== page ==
You sit down against the deck you're sideboarding all these cards to beat. You play Game 1. You go to sideboard before Game 2...only to realize you're having trouble figuring out what to take out! You end up having to take out cards that are also good in the matchup to fit in your sideboard cards.

This is a classic sideboarding error. With only fifteen valuable slots, sideboarding should primarily be used to upgrade your deck, not just side-grade it.

For example, let's say you're playing a blue-black-red (Grixis) control deck much like the deck used to win Pro Tour Kaladesh in current Standard against an aggressive deck. You want to bring in a bunch of removal spells to fight off their starts. The first few cuts are easy, removing counterspells. But then, you find you're having to remove cards like Harnessed Lightning just to make room for more efficient removal spells! What are you accomplishing here?

Yes, your deck might be slightly more efficient with this other removal spell—but it's not that much of an upgrade over what you already had. I'd far rather use that slot for a different matchup that needs the help than make a small boost to this one.

Additionally, you run the major risk of diluting your deck. I see this happen all the time, especially in aggressive decks, as you start cutting creatures for reactive cards and you majorly slow yourself down. There's a core your deck needs to function, and if you start eating into that core then it can impact how your deck performs in a major way.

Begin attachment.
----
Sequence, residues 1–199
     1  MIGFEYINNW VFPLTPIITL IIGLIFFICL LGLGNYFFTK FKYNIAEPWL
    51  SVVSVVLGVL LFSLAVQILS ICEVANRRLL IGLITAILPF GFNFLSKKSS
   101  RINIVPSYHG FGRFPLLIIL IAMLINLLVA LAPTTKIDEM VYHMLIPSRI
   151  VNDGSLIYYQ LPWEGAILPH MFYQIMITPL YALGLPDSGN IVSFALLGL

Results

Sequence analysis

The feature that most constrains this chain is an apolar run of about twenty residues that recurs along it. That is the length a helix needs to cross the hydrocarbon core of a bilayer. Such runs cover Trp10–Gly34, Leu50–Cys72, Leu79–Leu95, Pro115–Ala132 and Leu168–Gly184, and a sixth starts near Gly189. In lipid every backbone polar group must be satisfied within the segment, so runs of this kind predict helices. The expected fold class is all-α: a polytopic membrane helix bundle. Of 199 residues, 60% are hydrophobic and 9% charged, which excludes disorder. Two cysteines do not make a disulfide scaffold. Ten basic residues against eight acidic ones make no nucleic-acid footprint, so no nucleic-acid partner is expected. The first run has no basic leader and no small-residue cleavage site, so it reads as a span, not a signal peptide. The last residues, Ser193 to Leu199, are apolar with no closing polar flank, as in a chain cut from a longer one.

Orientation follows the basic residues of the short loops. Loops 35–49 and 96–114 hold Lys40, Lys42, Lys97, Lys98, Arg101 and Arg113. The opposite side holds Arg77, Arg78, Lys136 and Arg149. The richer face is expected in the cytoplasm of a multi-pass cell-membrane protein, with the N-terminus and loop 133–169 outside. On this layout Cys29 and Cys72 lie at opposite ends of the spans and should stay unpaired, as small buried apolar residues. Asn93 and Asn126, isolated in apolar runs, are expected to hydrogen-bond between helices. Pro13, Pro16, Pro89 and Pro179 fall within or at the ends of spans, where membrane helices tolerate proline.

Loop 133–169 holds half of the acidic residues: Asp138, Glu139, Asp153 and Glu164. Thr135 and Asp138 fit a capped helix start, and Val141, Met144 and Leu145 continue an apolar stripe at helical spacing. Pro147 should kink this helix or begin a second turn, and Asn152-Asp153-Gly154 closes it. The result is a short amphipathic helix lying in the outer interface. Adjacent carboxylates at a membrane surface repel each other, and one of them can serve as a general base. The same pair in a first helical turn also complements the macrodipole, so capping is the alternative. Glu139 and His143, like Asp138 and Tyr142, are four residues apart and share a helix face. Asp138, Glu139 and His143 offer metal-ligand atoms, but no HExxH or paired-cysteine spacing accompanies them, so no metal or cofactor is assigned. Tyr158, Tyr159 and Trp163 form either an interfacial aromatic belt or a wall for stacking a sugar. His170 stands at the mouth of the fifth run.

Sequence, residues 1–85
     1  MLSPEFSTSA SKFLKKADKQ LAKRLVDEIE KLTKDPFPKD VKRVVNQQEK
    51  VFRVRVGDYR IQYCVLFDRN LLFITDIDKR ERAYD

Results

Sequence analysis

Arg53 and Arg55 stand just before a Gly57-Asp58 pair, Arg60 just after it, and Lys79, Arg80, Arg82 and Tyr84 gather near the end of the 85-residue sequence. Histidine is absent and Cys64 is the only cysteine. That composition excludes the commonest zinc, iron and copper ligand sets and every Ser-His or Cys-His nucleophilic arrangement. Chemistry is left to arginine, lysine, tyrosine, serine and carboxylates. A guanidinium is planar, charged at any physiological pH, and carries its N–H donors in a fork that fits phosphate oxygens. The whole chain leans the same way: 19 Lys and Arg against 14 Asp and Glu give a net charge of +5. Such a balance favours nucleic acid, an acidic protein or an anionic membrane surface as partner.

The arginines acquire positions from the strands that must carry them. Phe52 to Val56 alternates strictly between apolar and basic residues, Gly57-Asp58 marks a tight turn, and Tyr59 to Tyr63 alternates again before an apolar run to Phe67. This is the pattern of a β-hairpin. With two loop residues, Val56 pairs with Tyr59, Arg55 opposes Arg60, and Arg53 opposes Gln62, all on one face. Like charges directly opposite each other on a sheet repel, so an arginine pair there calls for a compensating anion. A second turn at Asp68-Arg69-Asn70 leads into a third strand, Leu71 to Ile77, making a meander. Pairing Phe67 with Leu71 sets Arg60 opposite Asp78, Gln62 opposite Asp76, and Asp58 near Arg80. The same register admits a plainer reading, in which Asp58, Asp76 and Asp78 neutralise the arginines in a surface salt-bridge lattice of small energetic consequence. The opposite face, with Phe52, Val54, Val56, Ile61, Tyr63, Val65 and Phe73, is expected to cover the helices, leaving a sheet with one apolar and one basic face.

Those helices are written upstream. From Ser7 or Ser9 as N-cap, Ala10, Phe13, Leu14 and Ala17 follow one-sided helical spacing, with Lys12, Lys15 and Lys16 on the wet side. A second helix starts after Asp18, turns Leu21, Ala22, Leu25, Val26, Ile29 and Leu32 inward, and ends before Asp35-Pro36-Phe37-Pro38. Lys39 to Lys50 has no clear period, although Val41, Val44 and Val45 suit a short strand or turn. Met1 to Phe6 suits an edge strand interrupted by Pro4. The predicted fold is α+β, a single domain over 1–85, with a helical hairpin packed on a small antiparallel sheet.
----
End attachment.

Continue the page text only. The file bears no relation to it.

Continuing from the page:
Something I do when I built my sideboards is just figure out how I'm going to sideboard in every matchup. If it seems like I'm taking out cards I'd want to keep in, then I usually rework my sideboard and give some of those spaces to other cards.

I highly recommend thinking about how you generally want to sideboard in each matchup before you finalize your fifteen.

2. Make Sure Your Sideboarding Matches a Deck's Prevalence

You hate losing to Aetherworks Marvel. So, you carefully test the matchup. You fill your sideboard with plenty of cards for it. You have more than enough cards to take out. You're ready to go. Those Marvel decks don't stand a chance.

You go to a tournament. And, just like you drew it up, you smash Aetherworks Marvel. The problem? You only play against Marvel once in the event!

What happened here?

While it's important that you sideboard the right number of cards, it's also important that you make sure you're sideboarding appropriately based on what you expect. If you don't foresee many of a certain deck showing up, then you can dedicate fewer sideboard slots to it.